Markku Lepistö è uno tra i più importanti organettisti della scena internazionale, anche fisarmonicista (suona con le Värttinä, un loro concerto è sempre una emozione che toglie il fiato). Di recente è stato invitato da Riccardo Tesi a tenere uno stage di organetto in Italia.
Come tutti i grandi non se la tira. Si è fatto intervistare ed è stata una esperienza molto interessante. propongo qui l'intervista in anteprima in inglese come me l'ha rilasciata Markku, in attesa di una traduzione in Italiano. Buona lettura.
When and How do you have meet diatonic accordion for the first time? You are self educated player or you have had some teacher?
Well the history of my diatonic playing is shorter than my career with chromatic accordion, which started when I was five years old. Surely I´ve been familiar with diatonic accordion material since my childhood, but the first time when I took a diatonic accordion into my lap is when I was eighteen. Before that I heard a lot of diatonic playing because the area I was born had always been full of traditional players. From them I learned many traditional tunes which I`m still playing.
I´ve been graduated from the Sibelius Academy but all the diatonic accordion teachers has been traditional players. One of the most important ones was Tauno Aho (1914-1996) who lived in Kuortane where I was born as well. With him we had many moments when I was listening his playing and recorded his music. Nowadays I would like to say that the most important thing was that we discussed a lot about music.
Please, list some musicians or compositions you love that you feel so close to your musical formation.
Besides our own Finnish traditional music I´ve been very interested in music cultures around the world. Of course, the Nordic tradition has been close to me but I´ve also been interested in Celtic and Latin music, American traditional music, European classical music, African polyrhythmics etc. There are too many great musicians, compositions and traditional tunes to put on a list.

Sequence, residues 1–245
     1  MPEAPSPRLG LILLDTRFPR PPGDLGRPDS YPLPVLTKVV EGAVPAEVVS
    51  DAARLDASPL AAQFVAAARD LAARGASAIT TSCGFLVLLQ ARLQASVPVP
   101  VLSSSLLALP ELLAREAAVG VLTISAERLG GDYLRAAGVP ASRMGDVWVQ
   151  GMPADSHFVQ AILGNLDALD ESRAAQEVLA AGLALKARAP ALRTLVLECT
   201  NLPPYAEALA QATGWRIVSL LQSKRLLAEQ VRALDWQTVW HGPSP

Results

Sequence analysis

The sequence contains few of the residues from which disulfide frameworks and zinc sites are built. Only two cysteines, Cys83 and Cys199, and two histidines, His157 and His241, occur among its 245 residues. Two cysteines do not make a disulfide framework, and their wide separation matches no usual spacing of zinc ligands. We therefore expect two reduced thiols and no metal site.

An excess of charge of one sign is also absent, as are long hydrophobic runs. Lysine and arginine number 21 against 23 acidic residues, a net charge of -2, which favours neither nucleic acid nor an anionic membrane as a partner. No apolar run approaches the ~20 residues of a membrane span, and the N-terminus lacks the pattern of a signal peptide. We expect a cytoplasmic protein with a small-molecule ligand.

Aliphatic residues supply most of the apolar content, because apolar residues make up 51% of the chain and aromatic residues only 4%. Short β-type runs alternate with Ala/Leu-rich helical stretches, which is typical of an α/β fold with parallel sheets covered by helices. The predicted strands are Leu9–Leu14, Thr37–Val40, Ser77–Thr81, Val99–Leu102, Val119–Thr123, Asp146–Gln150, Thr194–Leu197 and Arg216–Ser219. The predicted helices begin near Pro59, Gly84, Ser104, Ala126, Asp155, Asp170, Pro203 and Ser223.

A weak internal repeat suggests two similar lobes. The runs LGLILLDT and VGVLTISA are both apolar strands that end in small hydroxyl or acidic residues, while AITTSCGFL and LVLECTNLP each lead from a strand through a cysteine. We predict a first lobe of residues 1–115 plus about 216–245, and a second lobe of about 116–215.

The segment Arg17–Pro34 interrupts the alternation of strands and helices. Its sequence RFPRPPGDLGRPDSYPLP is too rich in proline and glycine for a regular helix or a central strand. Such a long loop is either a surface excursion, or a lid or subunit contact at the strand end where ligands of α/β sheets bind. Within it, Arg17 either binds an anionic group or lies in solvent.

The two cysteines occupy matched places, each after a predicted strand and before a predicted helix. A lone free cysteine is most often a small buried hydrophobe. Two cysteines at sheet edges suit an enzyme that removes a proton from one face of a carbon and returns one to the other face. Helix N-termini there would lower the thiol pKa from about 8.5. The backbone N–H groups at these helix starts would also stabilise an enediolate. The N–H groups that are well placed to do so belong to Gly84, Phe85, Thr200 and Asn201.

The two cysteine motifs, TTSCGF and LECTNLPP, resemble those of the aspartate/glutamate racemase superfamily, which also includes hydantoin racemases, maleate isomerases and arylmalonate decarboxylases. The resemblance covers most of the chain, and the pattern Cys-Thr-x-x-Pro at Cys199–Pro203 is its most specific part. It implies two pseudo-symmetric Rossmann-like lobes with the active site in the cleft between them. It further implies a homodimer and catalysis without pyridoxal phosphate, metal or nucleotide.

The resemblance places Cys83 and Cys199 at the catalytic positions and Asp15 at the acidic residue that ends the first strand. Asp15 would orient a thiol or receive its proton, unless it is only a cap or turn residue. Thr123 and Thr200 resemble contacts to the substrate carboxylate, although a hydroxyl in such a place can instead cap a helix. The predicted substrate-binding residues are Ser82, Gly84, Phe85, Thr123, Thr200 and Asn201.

Can you try to define your aesthetics in playing diatonic accordion?
Maybe one of my main aesthetic value in music is beautiness. In all my compositions I try to find beautiful, natural but/and meaningful melody lines. When composing I can sometimes be stucked with some musical line for many days and comparing different solutions how to proceed. My opinion is that every note in music has to have some meaning.
I also understand very well and pay attention to the fact that this world is not consisting only of beautiful things and the music can also reflect the world as it is, but that kind of music making is not for me.
What do you like in the world of traditional music, and what do you dislike?
I really like the world of traditional music in general. In traditional music you can hear the echoes from the past generations and the world. No other music genre affects me like the traditional music. I also think that every traditional player is an important part of the time line segment. However, I hate the puritaness, which can be hiding behind the word of "tradition". I think that the tradition lives in us and you just have to give space for it. You can put the "tradition" into a museum but there it would die.
Which is in your opinion the best way to teaching to play diatonic accordion?
During the years I have tried different methods in teaching diatonic accordion but my favourite choice is learning music by ear. It can be frustrated while starting it, but during the years you can notice learning not only the right melody lines but also the ornaments, enphasis of the notes, right frasing etc. Nowadays my only teaching method is learning by ear.
What's about the Finnish traditional music trends today?
Finland has been one of the first European countries to have folk music education on the university level at the Sibelius Academy in Helsinki. This education started in 1983 and several well known Finnish accordion players like Kimmo Pohjonen and Maria Kalaniemi have graduated from there. This education has raised the knowledge of our tradition and it has inspired young musicians to study it. In addition, the education has given a good opportunity to create new historically based music, which may take influences from different cultures.
What are your future musical projects?
At the moment we are finishing a duo album with the former Värttinä bassist Pekka Lehti. For 2008 I have several projects in row, which include e.g. a sheet music book consisting of traditional music played by the legendary Finnish musician Tauno Krossi (1924-1979). Hopefully I will record a new solo album too. There will be some other cd and book projects with the Värttinä group, and then of course lots of concerts and touring. - Let´s hope something would happen also in Italy!